International

TransAsia offers $470,000 compensation to crash families

TAIPEI: Taiwan’s TransAsia Airways announced Wednesday that it would pay nearly half a million dollars in compensation to relatives of each of the victims of a dramatic plane crash earlier this month.

The offer of Tw$14.9 million ($470,000) for each family comes seven months after the airline made a similar payout to the families of 48 passengers killed in another crash last July.

TransAsia Airways Flight GE235 crashed Wednesday last week shortly after take-off from Songshan airport in Taipei with 53 passengers and five crew on board, killing at least 42.

Amateur dramatic dashcam images showed the ill-fated plane hitting an elevated road as it banked steeply away from buildings before crashing into the Keeling River.

One person remains missing after two more bodies were retrieved from the freezing waters on Wednesday.

“We offered an amount of Tw$14.9 million ($470,000) as compensation for each person who died in the accident. We hope to reach a settlement with the families,” a TransAsia spokeswoman told AFP.

The compensation deal is the result of closed-door discussions held in Taipei Wednesday with representatives from some of the families.

“We can fully understand that it would be hard for the families to accept it immediately. Still we hope the representatives could take the proposal back and take it into consideration,” the spokeswoman said.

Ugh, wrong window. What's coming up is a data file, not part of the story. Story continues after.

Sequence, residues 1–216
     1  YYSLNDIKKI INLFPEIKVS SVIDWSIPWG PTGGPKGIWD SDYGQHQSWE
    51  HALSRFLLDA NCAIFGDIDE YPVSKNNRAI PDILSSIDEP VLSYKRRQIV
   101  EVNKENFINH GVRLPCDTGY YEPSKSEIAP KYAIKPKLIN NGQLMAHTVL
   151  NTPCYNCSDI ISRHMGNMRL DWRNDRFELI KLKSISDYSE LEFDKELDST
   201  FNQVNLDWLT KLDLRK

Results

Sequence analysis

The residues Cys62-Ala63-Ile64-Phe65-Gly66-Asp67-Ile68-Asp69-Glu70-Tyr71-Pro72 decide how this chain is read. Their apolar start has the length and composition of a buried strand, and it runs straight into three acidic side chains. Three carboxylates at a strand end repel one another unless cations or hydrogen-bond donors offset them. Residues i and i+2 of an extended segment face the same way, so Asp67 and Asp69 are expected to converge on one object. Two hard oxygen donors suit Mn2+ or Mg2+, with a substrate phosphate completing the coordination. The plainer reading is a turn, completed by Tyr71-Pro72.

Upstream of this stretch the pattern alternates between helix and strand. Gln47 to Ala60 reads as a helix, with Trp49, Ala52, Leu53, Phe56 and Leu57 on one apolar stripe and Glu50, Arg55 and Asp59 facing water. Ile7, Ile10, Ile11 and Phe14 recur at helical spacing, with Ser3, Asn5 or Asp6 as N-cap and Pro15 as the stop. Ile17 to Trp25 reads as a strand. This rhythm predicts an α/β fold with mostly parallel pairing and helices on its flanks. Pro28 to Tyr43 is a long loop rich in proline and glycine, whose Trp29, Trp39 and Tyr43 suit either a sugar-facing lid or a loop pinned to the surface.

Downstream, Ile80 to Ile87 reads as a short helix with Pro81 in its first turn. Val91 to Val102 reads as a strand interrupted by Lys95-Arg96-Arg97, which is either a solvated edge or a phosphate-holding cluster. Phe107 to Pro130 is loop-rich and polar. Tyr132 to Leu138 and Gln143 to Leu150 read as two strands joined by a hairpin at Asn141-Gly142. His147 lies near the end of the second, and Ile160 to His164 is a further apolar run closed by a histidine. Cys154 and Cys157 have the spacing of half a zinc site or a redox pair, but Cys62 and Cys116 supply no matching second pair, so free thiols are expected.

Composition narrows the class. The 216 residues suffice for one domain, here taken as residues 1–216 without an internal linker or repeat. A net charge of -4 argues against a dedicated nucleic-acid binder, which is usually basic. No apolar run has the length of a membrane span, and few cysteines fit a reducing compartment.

She would not say if the proposal had been accepted by the families. Some compensation claims from the July crash remain outstanding as each family had “expected a different amount”, the spokeswoman said.

Investigators are still trying to establish what caused last week’s crash, but initial reports from the black boxes found the plane’s right engine had “flamed out” about two minutes after take-off.

Warning signals blared in the cockpit and the left engine was then shut down manually by the crew for unknown reasons, Taiwan’s Aviation Safety Council said Friday.

Analysts have said the pilots may have caused the crash by turning off the wrong engine.

Following the release of the initial crash findings the Taiwanese flight regulator Civil Aeronautics Administration (CAA) demanded that all 71 of TransAsia’s ATR pilots take an oral test on basic operation and emergency procedure of the French-made aircraft.

Pilots who fail will be grounded immediately and enrolled in a month-long qualification training, while those who pass will be sent abroad to take simulator training and further qualification tests.

The results are scheduled to be released later Wednesday. (AFP)

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